The following example demonstrates how a Solexa deep sequencing experiment can be analyzed – including removal of adaptor sequence, determining the number of unique sequences, mapping to a specified genome, and uploading the data to the UCSC genome browser for further analysis: 

read_solexa i data.solexa |              #  Initialize data stream from a file. 
remove_adaptor -a TCGTATGCC -m 2 |        #  Remove adaptor sequence allowing for 2 mismatches. 
grab e ADAPTOR_POS > -1 |              #  Get all entries where an adaptor sequence was found. 
count_vals k SEQ |                       #  Determine the occurrences of all sequences.  
uniq_vals k SEQ |                        #  Get all entries with a unique sequence. 
merge_vals k SEQ_NAME,SEQ_COUNT |        #  Append the sequence count to the sequence name. 
vmatch_seq g hg18 |                      #  Map the sequences to the Human genome using Vmatch. 
upload_to_ucsc d hg18 t solexa_data x  #  Upload the mapping results to the UCSC Genome Browser. 
The advantage of the Biopieces is that a user can easily solve simple and complex tasks without having any programming experience. Moreover, since the data format used to pass data between Biopieces is text based, different developers can quickly create new Biopieces in their favorite programming language - and all the Biopieces will maintain compatibility. 

Thursday, 11 March 2010

Ray-0.0.3: a NEW MPI-based parallel genome assembler

The Ray Project Team gives you a 100% parallel MPI-based assembler called Ray. Ray is NOW available at http://sourceforge.net/projects/denovoassembler/files/. It supports Illumina paired-end reads. It is 100% parallel, and it is a single executable (no pesky perl scripts!). The source code is licensed with the GPL-v3.

Try it, and give us your comments, bugs, suggestions, and concerns on our mailing list.

Ray-0.0.3: a NEW MPI-based parallel genome assembler

The Ray Project Team

Compiling BFAST and DNAA in CentOS 5.4

Update finally got it to work.

GNU Autoconf version 2.59
GNU Automake version 1.9.6
GNU Libtool version 1.5.22
also requires bzlib.h found in bzlib-devel (debian name) in CentOS 5.4 it's bzip2-devel-1.0.3-4.el5_2.x86_64.rpm

#bfast prereq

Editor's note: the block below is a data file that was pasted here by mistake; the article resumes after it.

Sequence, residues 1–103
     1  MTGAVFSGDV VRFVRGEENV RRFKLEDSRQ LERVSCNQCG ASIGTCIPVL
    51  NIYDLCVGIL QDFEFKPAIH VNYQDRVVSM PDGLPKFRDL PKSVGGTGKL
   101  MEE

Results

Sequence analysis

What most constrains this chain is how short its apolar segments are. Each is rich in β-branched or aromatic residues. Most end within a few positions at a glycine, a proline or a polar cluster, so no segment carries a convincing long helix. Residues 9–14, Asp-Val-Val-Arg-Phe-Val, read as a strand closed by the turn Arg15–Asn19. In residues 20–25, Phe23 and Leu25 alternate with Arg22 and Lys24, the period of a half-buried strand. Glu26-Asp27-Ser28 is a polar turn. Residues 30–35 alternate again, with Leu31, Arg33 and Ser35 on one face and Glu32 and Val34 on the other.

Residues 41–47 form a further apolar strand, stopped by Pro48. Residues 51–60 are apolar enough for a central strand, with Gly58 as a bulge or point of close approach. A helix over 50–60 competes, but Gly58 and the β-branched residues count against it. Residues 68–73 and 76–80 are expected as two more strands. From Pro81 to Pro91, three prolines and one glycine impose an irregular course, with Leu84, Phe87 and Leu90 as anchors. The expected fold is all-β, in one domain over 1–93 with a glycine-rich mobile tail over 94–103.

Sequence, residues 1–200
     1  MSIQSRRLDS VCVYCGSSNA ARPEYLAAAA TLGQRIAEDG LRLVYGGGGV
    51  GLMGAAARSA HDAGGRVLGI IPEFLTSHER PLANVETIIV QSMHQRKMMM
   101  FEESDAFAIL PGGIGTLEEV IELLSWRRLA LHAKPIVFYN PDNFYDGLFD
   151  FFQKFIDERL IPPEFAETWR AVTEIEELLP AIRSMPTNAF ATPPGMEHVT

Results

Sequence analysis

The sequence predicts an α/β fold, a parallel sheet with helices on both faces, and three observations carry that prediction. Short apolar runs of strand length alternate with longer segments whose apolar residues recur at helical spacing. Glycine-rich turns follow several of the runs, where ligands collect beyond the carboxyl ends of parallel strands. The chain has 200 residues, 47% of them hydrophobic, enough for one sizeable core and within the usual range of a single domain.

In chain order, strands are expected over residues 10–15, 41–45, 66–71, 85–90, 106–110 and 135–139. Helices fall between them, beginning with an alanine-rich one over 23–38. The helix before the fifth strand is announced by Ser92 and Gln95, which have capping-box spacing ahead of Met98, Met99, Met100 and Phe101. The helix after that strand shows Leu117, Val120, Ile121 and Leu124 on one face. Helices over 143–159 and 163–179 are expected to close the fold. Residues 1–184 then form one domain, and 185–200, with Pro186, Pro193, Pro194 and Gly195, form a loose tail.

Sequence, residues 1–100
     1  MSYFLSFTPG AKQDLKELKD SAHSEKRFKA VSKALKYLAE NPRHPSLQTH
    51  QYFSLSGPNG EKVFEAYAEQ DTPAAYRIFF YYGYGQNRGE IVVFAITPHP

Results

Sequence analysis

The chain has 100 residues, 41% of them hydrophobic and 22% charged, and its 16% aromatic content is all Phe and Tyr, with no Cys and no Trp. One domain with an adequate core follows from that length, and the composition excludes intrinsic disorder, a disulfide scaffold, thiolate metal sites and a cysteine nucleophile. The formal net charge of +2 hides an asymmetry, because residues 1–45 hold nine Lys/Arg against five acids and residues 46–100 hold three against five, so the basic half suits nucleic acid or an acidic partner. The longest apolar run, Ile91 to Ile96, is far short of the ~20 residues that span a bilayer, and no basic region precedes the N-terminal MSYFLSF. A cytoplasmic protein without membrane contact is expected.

download bfast source
tar zxvf bfast-0.6.3c.tar.gz
sh autogen.sh

#samtools source
download samtools source
tar jxvf samtools-0.1.7a.tar.bz2

#install this for tview use yum

cd samtools-0.1.7a

git clone  git://dnaa.git.sourceforge.net/gitroot/dnaa/dnaa

#symbolic link to bfast dir in root dir (.. relative to dnaa dir)
cd /home/username/bin/source/dnaa/dnaa
ln -s /home/username/bin/source/bfast-0.6.3c/ bfast
ln -s /home/username/bin/source/samtools/samtools-0.1.7a samtools
cd ..
ln -s /home/username/bin/source/bfast-0.6.3c/ bfast
ln -s /home/username/bin/source/samtools/samtools-0.1.7a samtools

cd /home/username/bin/source/dnaa/dnaa
sh autogen.sh

update: Used checkinstall to create rpm package so its easier for me to uninstall and recompile updates.
with checkinstall 1.6.2 I had to softlink a library

ln -s /usr/local/lib/installwatch.so /usr/local/lib64/installwatch.so

for bfast now the install method is 
tar zxvf bfast-*.tar.gz
cd bfast-*
sh autogen.sh
sudo checkinstall 
rpm -ivv bfast-0.6.4a-1.x86_64.rpm

Wednesday, 3 March 2010

Mongodb or Couchdb for storing NGS reads?

Been chasing missing reads in my 70 million short reads data from ABI SOLid. Other than the gremlins took them I have no idea why the code fails and works some times. NFS or Network issues perhaps? Not the sysadmin on the cluster so I can't do much except to audit my numbers each time.
Am thinking ahead of how to speed up or make the process more reliable and I found Brad's blog on his experience with document stores.
Going to follow up and do some testing with this when I have the time.

Tuesday, 2 March 2010

Image files from NGS sequencers

Good points raised in this article about how keeping your image files can be very expensive!

Do you keep them?
Post your comments!

Tips for de novo bacterial genome assembly

Found this handy article for  de novo bacterial genome assembly.

In Summary,
  1. Filter reads
  2. Use VelvetOptimiser Script
  3. Use Bowtie to map back reads to finished assembly to validate

Datanami, Woe be me